Thousands of scantily clad and birthday-suit-wearing cyclists will take to the streets this Saturday, Sept. 8, for the annual Philadelphia Naked Bike Ride (PNBR). Kicking off at 5 p.m., the event will stretch across 9.4 miles of the city, serving as a way to promote body positivity, cycling advocacy, and fuel-conservation consciousness.
Now in its 10th year, PNBR is a tradition that Matt Deifer, who's been participating for seven years and organizes the body-painting portion of the event, enjoys so much he now flies across the country to participate. Deifer moved to Los Angeles in the spring of 2017, making this the second year that he'll travel back to Philadelphia to enjoy the festivities. While his enthusiasm is contagious, Deifer understands that stripping down in public doesn't come easy to everyone.
"It's bare as you dare," explains Deifer. "There's no pressure to show up naked. You can wear as little or as much as you want — whatever you feel comfortable with."
Want to join in? The clothing-optional bike ride — which also welcomes skateboarders, Rollerbladers, and even joggers — is free to attend, and welcomes anyone with an upbeat attitude, whether buck naked or fully clothed. The route is released 24 hours before the start time, and the festivities always begin with the option to get body painted beginning at 2:30 p.m.
"If you're nervous, just a little paint can totally change your mentality," says Deifer. "It accents the body, and makes you feel spirited and celebrated."
This year's event is set two include two body-painting areas at the start that will open at 2:30 p.m. A large DIY body-paint station will invite participants to color themselves, while another area will host a dozen or so professional body painters who are ready to bring your visions to life or suggest art of their own.
Often, riders will sport painted messages symbolizing the meaning behind PNBR. In the past, phrases have included "We are all one color," "All I want for xmas are safer streets," "Every body is beautiful," and "Watch for bikes please."
"You can even wear a face mask if you're concerned about your identity getting out there," says Ron Ashworth, a PNBR street team captain who helps to facilitate a smooth ride and make sure riders get through intersections safely. "It's always an eclectic group — people decked out in paint, people wearing unicorn heads, people in all states of undress — who are brought together through one single commonality, the joy of bike riding."
Ashworth, a PNBRer of four years, estimates that last year around 30 percent of participants rode full-on naked while 30 to 40 percent kept on a pair of underwear, and the remainder showed up partially or fully outfitted. If you're considering the first option but are concerned about the comfort of your privates, Ashworth assures that you needn't be concerned.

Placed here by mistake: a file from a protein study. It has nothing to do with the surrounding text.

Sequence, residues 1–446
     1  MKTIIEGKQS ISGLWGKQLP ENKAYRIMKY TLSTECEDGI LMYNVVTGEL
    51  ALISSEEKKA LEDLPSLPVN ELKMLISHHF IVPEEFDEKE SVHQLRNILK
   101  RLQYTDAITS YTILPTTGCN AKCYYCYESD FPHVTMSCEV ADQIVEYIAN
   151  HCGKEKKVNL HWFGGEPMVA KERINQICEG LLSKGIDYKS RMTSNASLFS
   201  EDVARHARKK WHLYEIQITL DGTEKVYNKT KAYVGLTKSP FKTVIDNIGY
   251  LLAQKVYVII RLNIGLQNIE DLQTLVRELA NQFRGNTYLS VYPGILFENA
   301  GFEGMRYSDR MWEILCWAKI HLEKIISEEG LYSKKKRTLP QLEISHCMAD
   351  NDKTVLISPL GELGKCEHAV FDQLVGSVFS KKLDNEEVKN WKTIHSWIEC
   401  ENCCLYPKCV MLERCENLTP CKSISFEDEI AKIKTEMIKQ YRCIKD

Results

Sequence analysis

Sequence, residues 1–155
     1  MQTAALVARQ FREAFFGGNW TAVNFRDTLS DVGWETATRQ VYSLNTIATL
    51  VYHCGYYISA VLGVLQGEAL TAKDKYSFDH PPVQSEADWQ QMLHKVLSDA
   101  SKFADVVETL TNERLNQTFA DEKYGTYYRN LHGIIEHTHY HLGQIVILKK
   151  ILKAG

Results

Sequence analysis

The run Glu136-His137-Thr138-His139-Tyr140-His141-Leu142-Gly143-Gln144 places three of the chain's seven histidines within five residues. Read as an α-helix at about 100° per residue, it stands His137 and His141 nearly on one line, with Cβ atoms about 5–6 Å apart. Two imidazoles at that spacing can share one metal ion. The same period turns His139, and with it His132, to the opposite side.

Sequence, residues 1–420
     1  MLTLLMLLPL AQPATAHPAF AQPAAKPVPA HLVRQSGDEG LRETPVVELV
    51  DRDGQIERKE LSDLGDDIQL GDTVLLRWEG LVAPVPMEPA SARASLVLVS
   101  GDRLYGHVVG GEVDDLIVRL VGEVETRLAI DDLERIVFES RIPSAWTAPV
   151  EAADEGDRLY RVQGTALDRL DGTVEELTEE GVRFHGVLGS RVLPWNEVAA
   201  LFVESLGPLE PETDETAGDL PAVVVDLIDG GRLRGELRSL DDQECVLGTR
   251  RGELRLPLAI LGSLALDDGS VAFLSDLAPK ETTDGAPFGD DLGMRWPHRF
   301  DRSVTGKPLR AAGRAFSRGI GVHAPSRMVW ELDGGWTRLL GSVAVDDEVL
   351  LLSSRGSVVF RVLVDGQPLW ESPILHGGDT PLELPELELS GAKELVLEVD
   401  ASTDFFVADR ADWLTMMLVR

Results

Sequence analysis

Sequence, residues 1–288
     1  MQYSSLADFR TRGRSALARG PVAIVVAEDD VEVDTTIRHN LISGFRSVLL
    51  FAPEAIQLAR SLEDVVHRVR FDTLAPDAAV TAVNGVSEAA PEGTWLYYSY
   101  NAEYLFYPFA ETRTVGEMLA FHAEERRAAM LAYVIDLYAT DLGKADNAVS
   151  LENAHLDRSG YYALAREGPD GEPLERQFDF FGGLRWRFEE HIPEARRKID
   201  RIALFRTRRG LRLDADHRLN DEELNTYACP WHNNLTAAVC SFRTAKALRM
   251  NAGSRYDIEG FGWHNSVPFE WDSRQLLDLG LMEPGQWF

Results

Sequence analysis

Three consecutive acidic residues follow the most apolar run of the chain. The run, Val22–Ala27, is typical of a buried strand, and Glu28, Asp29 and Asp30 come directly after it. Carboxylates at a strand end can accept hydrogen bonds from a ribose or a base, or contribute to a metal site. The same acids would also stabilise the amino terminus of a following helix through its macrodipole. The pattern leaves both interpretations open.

"If you're riding a bike properly, you're sitting on an area where your bone structure all comes together, not directly on your genitals," notes Ashworth. "Whether you're riding naked or whether you're riding clothed, it shouldn't be something that's going to hurt."
But what about the legality of the event? Is it legal to bear it all during the ride?
While laws do exist against indecent exposure and lewdness, fortunately for participants, there are no legalities specifically against nudity itself.
"As a group, PNBR is basically an artistic protest statement that isn't going to fall into the realm of indecent exposure," says Ashworth, who notes that organizers get city officials and the police involved in the planning process every year. "A large group, versus one guy running around, makes it more of a movement and a statement."
The past nine rides have gone without incident, and this year, a police car will ride at both the front and the back of the group for added safety.
"Anyone that rides knows that it's one of the greatest feelings when you can bike and don't have to worry about cars," says Anthony Pasceri, who will join PNBR for his third time this year. "There's a ton of camaraderie, people often bring music, and we get to own the street that day."
Those who participate are invited to join fellow cyclists at an official after-party — another clothing-optional event — at Warehouse On Watts. The party kicks off at 7:30 p.m. and will include food trucks, a cash bar, and DJ-spun tunes. Tickets are $12 (plus fees), and are available online.
"It's just a ridiculously fun, weird thing to do, with a message that celebrates both the beauty of cycling and the human body," says seven-time participant Cyn Why. "There's something to be said that if you do it once, it kind of influences your ability to do other things — like, if I stumble on the street, I'm not as embarrassed because all of Philadelphia has already seen my boobs."